One more week to go and I am off. I am out of here for 5 months, exploring a new world, a new country and getting to know better a slightly familiar language; English. Leaving for a sweet little island in BC, Canada - Salt Spring Island. Stacks of clothing and other things like the small white pillow my grandma made a few years ago, my stuffed tiger, a few electrical cords and a first aid kit for my wheelchair in case I get a flat tire, are almost ready to go on the sofa in my room.
What would I have done without the support of my mom in the last few weeks of preparation? She kept track of the shopping list when everything got too much for me. She helped me finish my history essay because I couldn't think about anything other than the big big trip that would happen in just a few days. Whatever it was, she was there for me. Half a year without her? I could not imagine it.
One thing after the other gets crossed out on my packing list. But every time one thing is done I remember another thing to do so I write it down. It does not seem like the list is getting any shorter at all.
Only one more week until I leave, tons of things left to do and I am freaking out.
One last trip to the outdoor store; 6 days to go. A pair of gloves, rain pants, picking up the right sized boots and the coat I ordered two days ago. The stacks of clothing are getting bigger and bigger and I am wondering if all of it will fit into the suitcase.
Our family organized a barbecue outside in the yard for my grandparents, aunt and uncle, neighbors and friends. My mom printed Canada flags on Chinese Lanterns and I ordered maple leaf napkins. Too bad that it started raining as soon as the first guests arrived. Good thing we had a pavilion to sit underneath, the food was good and we had a lot of things to talk about so I had a great time. I hope everyone else did too.
Mom gets the scale from the basement. I figure I might want to weigh my suitcase to make sure it is not too heavy. When I finally fit in all that I have to, close it and put it on the scale; it is way too heavy. Oh well I think. This is going to be easy to fix. I take out a couple of soaps, shampoos, socks and shirts. I close it and put it back on the scale. Oh no still too heavy. Alright so I'll have to leave my favorite sweaters and two pants behind. Four pairs of pants should work. So I try the scale again. Still overweight. This suitcase needs a diet and some exercise. Seriously. Although it is hard I will have to leave some scarves here. Maybe I should bring only one instead of three.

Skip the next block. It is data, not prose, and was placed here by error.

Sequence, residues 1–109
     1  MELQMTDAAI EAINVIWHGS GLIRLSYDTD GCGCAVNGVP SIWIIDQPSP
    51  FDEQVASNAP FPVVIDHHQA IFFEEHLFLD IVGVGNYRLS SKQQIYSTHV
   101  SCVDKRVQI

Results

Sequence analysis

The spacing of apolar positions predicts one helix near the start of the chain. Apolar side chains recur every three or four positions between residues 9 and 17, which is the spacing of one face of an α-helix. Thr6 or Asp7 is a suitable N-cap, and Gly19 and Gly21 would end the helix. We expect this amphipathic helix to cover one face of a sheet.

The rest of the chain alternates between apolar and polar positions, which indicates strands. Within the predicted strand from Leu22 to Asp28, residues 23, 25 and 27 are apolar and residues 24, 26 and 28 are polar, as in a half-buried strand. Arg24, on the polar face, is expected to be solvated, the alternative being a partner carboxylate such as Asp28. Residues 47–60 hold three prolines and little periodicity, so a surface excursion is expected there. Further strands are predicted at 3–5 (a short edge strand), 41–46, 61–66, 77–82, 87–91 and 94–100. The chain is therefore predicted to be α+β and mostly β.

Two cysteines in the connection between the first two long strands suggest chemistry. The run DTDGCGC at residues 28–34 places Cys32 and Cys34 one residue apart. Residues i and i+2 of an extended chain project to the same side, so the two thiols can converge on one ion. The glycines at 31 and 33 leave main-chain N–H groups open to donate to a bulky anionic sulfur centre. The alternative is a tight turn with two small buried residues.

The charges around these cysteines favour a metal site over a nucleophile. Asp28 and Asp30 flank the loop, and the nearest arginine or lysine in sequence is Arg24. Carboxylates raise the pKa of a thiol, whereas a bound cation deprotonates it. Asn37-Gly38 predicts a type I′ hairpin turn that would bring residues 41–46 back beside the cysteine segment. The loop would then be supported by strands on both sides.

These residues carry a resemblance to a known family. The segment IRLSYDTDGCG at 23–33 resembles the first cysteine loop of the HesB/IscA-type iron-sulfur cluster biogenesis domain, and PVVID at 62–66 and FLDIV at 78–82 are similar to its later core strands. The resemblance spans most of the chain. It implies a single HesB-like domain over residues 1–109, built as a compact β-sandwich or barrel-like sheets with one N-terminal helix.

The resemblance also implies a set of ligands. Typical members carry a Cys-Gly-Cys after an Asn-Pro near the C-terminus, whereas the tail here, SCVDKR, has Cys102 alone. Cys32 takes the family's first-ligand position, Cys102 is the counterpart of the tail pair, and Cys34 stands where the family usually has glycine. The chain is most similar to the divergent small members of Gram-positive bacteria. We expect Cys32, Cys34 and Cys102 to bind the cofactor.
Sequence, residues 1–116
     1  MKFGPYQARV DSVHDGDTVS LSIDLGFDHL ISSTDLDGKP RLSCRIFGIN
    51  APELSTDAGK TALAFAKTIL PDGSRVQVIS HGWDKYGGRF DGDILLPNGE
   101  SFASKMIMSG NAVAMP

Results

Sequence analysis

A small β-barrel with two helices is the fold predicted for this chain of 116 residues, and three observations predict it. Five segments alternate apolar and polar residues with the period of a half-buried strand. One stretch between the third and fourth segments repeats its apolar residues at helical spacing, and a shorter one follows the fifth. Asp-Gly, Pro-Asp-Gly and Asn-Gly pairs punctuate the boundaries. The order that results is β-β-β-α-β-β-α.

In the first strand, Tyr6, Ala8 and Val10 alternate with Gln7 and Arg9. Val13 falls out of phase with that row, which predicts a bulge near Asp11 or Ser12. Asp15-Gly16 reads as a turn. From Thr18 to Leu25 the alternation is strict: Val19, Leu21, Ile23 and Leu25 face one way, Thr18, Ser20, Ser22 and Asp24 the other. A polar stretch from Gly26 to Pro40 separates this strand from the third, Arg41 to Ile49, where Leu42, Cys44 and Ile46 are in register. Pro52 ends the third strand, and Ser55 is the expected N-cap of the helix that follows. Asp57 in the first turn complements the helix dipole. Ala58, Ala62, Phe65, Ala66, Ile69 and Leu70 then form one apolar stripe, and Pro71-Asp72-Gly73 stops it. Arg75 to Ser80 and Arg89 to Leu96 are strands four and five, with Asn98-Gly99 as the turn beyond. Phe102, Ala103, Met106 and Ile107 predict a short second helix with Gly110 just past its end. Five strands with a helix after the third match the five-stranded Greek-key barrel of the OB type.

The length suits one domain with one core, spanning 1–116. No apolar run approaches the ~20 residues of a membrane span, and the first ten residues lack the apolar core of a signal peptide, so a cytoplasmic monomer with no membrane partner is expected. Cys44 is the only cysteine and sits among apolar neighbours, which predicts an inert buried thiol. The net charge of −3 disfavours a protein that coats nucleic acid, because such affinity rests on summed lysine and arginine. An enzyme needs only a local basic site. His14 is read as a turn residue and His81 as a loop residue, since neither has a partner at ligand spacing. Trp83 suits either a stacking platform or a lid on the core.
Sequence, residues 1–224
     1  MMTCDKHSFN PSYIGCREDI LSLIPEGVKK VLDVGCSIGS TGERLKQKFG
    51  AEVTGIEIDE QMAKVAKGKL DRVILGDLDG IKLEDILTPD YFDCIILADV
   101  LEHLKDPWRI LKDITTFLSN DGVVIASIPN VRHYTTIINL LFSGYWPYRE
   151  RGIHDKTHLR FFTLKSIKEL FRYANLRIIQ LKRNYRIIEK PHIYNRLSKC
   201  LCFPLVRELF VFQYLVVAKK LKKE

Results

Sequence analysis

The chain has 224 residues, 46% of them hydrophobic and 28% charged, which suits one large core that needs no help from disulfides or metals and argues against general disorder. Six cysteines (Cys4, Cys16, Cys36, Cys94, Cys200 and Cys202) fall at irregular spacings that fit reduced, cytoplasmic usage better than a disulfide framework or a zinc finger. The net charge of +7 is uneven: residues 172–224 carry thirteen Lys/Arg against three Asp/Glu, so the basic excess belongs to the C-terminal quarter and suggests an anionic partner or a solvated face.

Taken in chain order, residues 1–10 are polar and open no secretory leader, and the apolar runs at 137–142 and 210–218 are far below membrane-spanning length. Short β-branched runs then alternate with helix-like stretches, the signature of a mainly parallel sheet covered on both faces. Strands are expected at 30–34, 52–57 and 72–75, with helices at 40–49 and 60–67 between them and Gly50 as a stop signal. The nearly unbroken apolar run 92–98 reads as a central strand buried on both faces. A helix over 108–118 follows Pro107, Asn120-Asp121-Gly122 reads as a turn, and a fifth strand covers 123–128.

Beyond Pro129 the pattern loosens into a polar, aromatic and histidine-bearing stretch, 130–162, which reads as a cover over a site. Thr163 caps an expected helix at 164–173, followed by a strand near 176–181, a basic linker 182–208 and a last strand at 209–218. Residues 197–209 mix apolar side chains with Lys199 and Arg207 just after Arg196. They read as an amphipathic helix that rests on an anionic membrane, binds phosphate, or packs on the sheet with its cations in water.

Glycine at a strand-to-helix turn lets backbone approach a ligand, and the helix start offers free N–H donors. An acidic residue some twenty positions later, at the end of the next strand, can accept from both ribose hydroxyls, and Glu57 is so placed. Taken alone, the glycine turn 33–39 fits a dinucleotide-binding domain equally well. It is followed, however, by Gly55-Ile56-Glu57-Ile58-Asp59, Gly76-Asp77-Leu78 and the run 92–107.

So I go back and forth until I finally just reach the limit. Actually I am still over the weight limit. But whatever. Five days to go.
I figured it would be a good thing to walk around in the streets and take as much in as I can. I want to say goodbye to the view out of my window, the busy streets and the smell of nature in the park. I take my camera with me and fill the pictures with an infinity of memories. Four days to go.
Emails from friends and family fill my inbox; words of love, wisdom and farewell. Why do they have to make it even harder to leave? I am asking myself if it was such a good decision to go away. All by myself in a foreign country with total strangers. That's insane. What am I doing? But there's no way back now. Three more nights.
Only two full days left. One last check to make sure I have everything I need. To get my mind off of the thought of leaving I decide to go to the bookstore to calm my nerves; to calm my nerves and look for inspiration.
Why buy a book now? I am not going to have time to read anyway. But the thought of a new book is too tempting. I cannot leave a bookstore without a new book. So I buy a book about a boy that falls in love with a girl who is deaf. Doesn't sound too bad and love stories are always a good choice.
As I am trying to fall asleep I realize that tomorrow will be my last day. Oh what have I done?